Sunday, July 6, 2008

Onwards with the trip

Today we hit the road again. We’re itching to move on and frankly I think Jessie needs her house back – having a guest dog is only fun in theory.

Because its Sunday the Mormons are all busy being crazy so all the great stuff we wanted to do, all the superb questions I’d been working on, are officially canceled. Bugger. We did smear through Salt Lake City and it seemed nice enough. There was less rubber padding on the walls than I expected and the wardens kept themselves discretely out of sight.

Heading south we noticed yet another Dinosaur quarry. According to the book, this one had 70 skeletons in it so we took the short 12 mile dirt road detour in to nowhere. The visitor’s center held two bored 16-year-old girls who keep busy by playing soccer all day. They were nice but seemed startled to have actual real visitors to show round. The spidy-sensors were tickling the base of our necks as we approached the shed housing the prize.

Why do they keep doing this to us? Why, I ask you?

There were no bones. Only the holes that bones used to be in. And the worst bit, a few plastic bones to show what it would have looked like back in 2002 before they took them all away.
Crazy with frustration and disappointment, rather than take the short dirt road back to civilization, Deanna spotted a short cut. You’ve seen the road before. It’s the one in all those movies where the two lost tourists meet a nice stranger and he puts them up for the night before hacking them to death and drinking their blood. 45 miles of open dirt track. Nothing to see except the occasional boy sat by the side of the “road” holding a rifle. I was terrified. Deanna seemed to think it was normal for redneck country. I guess that’s difference between someone from the Ohio and someone from Europe.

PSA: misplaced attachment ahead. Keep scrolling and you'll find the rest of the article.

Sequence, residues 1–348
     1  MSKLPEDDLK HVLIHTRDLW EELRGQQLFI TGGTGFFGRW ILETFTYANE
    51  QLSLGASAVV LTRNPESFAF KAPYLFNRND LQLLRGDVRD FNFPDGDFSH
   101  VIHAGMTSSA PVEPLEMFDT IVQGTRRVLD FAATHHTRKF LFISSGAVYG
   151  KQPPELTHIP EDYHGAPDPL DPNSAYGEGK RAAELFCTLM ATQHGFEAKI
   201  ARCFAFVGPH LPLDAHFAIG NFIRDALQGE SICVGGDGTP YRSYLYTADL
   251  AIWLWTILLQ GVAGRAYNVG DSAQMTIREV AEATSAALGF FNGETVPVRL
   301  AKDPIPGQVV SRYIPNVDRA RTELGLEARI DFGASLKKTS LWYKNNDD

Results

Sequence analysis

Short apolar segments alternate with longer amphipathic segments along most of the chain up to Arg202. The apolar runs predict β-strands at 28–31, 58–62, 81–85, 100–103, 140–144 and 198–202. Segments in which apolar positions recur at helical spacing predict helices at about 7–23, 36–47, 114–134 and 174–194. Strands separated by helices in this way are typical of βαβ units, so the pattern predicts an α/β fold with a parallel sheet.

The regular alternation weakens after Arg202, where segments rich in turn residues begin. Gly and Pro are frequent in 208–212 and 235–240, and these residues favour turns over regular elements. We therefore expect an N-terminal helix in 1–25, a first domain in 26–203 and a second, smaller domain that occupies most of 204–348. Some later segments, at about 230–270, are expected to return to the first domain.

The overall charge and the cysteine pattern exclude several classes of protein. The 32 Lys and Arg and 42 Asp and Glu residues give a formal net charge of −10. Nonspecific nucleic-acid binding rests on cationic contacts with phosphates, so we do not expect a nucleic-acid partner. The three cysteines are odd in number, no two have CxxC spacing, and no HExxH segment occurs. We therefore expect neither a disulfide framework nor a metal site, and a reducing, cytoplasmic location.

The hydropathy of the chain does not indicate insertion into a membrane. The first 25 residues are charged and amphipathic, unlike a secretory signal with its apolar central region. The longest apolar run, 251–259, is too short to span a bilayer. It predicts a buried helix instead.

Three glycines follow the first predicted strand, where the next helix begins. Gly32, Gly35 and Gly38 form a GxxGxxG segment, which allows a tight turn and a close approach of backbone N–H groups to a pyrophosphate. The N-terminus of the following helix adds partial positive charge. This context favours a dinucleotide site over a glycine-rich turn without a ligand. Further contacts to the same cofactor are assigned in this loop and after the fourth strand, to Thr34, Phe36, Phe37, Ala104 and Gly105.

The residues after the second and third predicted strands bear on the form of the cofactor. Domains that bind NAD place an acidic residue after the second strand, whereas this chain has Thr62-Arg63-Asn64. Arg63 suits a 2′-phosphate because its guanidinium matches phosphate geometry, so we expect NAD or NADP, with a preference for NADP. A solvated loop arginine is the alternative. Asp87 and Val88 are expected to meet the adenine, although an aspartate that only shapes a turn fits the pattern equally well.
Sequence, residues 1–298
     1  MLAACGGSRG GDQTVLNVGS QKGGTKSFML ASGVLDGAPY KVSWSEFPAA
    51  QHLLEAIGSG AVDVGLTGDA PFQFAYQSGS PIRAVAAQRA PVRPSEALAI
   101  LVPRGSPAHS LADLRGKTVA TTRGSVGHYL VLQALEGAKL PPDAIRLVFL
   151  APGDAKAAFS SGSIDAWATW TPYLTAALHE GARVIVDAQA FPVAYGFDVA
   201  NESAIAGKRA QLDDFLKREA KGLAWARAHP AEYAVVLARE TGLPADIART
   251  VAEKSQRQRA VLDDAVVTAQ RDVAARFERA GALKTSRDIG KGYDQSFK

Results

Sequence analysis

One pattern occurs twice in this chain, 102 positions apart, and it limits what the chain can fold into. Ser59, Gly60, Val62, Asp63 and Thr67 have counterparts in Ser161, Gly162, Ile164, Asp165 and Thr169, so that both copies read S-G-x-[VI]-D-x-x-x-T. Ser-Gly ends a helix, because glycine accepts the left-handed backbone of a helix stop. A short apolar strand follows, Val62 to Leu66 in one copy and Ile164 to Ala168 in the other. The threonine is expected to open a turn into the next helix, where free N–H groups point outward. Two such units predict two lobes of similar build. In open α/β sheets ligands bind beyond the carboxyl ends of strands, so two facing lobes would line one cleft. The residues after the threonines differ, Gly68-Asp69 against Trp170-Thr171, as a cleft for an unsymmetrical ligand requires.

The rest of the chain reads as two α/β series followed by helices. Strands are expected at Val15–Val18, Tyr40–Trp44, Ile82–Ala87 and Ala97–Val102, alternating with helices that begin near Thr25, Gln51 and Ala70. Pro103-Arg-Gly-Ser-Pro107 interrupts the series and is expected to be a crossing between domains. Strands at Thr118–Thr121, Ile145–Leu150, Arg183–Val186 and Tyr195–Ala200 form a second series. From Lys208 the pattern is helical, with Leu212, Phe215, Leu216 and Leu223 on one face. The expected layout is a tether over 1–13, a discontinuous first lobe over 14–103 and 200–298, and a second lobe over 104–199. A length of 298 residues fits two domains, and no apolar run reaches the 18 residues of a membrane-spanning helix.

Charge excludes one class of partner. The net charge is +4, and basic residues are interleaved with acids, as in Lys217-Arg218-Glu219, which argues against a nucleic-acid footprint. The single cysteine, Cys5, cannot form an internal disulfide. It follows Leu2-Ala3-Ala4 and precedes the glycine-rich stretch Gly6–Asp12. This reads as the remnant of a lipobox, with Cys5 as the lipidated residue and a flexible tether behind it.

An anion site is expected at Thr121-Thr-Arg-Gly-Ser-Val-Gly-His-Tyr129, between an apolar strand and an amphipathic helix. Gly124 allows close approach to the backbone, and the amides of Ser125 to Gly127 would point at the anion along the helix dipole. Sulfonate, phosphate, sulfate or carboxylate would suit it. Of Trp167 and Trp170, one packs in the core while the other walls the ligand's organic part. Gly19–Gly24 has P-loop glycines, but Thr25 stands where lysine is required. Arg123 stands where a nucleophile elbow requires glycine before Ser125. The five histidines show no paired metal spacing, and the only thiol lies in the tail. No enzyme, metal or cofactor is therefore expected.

After an hour of pure terror we finally reach the relative safety of black-top and run the fast way to Moab. Previously, as we were bouncing along the dirt track, a monstrous lightening show was scorching the hills and drawing ever closer in the rear-view mirror. By the time we were on the highway, it was on top of us.

So we did the only thing two sensible adults can do in the situation, and set up our big metal tripods and expensive cameras by the side of the road. As the trucks thundered past, and the rain dented the car, the hills became a light show worthy of Prince. Between us we took just over 2000 pictures in 15 minutes. Not a single one showed lightening. This is a day of minor disappointments.

Arriving in Moab, we check in to a motel for the night and passed out. Tomorrow is the beginning of the “adventure phase”. And we are ready.